Yet with all these reasons weighing against the definition, I am inclined to think it will pass in some modified form. The Holy Father wishes it, and lets everyone see that he does, the Jesuits are as busy as bees of late and the French Bishops of that way of thinking are as enthusiastic and excitable over the subject as they well can be.

My hope is that in the definition the Pope will in some (way) be connected with the Church. I cannot conceive of a living head without a body. However, I must not enter into the vexed question, which has been such a disturbance to my mind since I come to Rome that once it is disposed of in one way or another I will never want to hear of its controversy again. 30

These two letters make it clear that McQuaid's reason for opposition to the definition was a threefold one. He believed that it was politically inexpedient, and he was disturbed by the tendency of the majority to demand a formula that was vague and indeterminate in its scope and which could therefore be extended beyond due limits by subsequent broad interpretations. Finally, he felt that the chief stress should be laid on the infallibility of the Church, and he did not see how the papal prerogative could be defined outside that context. He was, therefore, more than a mere inopportunist. There were doctrinal problems connected

____________________ 30 "McQuaid to Early, Rome, April 24, 1870, in Browne, pp. 424-5".

with the definition to which he thought the majority owed an answer before the proposed dogma could be proclaimed.

Another who took a pessimistic view of the opposition's chances of preventing the definition was Bishop Richard V. Whelan. On April 24, he wrote to Dupanloup:

I am convinced that all the arguments which can be accumulated will have no effect with those who favor this doctrine. In one way or another they reject everything. Reasons mean nothing. Facts count for nothing. Difficulties for the future do not trouble them. They are not alarmed by the effect which the definition may produce among the faithful, nor of the outside opposition which it may arouse. We must, they say, decide the question--the matter has gone too far--in the present state of affairs the authority of the Pope will be shaken unless there is a definition. They want it; they have decided on it; nothing can prevent it (humanly).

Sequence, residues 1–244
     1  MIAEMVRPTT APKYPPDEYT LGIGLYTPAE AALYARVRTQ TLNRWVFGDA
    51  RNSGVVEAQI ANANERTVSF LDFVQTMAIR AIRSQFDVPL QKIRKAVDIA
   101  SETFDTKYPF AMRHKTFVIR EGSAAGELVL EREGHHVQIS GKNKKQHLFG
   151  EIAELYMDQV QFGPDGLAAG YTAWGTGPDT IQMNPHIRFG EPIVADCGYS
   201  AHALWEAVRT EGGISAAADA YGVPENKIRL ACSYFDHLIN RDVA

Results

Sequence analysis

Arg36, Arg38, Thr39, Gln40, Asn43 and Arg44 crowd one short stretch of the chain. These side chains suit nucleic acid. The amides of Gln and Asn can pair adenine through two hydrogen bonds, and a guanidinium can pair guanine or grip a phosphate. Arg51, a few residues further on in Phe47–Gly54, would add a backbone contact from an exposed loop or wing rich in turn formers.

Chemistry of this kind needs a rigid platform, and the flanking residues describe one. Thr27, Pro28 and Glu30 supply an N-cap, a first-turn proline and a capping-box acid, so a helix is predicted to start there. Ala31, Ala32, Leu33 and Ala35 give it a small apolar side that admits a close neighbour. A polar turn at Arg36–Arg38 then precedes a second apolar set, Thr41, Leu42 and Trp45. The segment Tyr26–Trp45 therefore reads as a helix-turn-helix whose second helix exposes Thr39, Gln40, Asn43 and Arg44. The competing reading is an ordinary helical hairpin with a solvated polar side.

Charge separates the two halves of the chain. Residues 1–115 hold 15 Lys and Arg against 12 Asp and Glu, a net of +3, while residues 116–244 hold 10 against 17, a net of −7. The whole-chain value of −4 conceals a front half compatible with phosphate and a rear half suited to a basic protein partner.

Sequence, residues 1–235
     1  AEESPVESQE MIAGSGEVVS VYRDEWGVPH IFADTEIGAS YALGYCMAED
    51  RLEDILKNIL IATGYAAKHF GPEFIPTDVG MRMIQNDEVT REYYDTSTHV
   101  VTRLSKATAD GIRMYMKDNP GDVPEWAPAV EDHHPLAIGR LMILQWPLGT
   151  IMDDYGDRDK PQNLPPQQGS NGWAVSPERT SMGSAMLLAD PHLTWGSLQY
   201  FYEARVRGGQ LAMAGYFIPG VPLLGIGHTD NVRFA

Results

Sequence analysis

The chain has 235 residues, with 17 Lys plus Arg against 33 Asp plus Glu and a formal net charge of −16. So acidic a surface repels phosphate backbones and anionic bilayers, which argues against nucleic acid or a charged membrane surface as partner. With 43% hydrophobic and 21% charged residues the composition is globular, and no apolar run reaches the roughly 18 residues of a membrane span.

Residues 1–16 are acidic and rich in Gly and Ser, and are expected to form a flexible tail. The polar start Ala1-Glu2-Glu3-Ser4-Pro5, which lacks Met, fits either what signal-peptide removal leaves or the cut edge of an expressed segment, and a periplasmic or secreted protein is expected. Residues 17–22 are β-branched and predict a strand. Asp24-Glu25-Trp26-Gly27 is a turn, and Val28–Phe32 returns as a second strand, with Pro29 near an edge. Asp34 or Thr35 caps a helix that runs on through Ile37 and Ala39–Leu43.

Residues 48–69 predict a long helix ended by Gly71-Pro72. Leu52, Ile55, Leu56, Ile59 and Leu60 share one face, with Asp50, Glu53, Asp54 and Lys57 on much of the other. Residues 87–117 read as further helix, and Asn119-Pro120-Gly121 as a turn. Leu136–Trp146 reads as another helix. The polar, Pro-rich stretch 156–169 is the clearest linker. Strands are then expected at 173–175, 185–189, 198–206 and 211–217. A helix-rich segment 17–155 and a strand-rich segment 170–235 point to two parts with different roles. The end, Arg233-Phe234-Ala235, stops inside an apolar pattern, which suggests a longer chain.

In this hypothesis, Whelan told the French prelate, the only prudent course was to accept the facts and to work for a moderate formula which would spell out exactly the limits of pontifical infallibility and which would emphasize that the pope spoke infallibly only when he functioned as "the mouth of the Church." He enclosed a copy of the formula which he had designed to meet these specifications, and which he had already handed in as an observation on Chapter XII. It will be seen again when we come to survey the various amendments which were suggested by the fathers for the chapters on the primacy and infallibility. 31

An outside observer, Father Sherwood Healy, who had accompanied Bishop Williams of Boston to the council, gave the following summation of the situation at the end of April to a correspondent in the United States, James F. Edwards: "I think it no indiscretion nor exaggeration to say that the preponderance of talent is decidedly on the side of the non-definitionists, but the preponderance of numbers is all on the side of the definition . . . . The Pope is avowedly for the definition. I go with the Church, willingly and cheerfully, if a definition is made. I know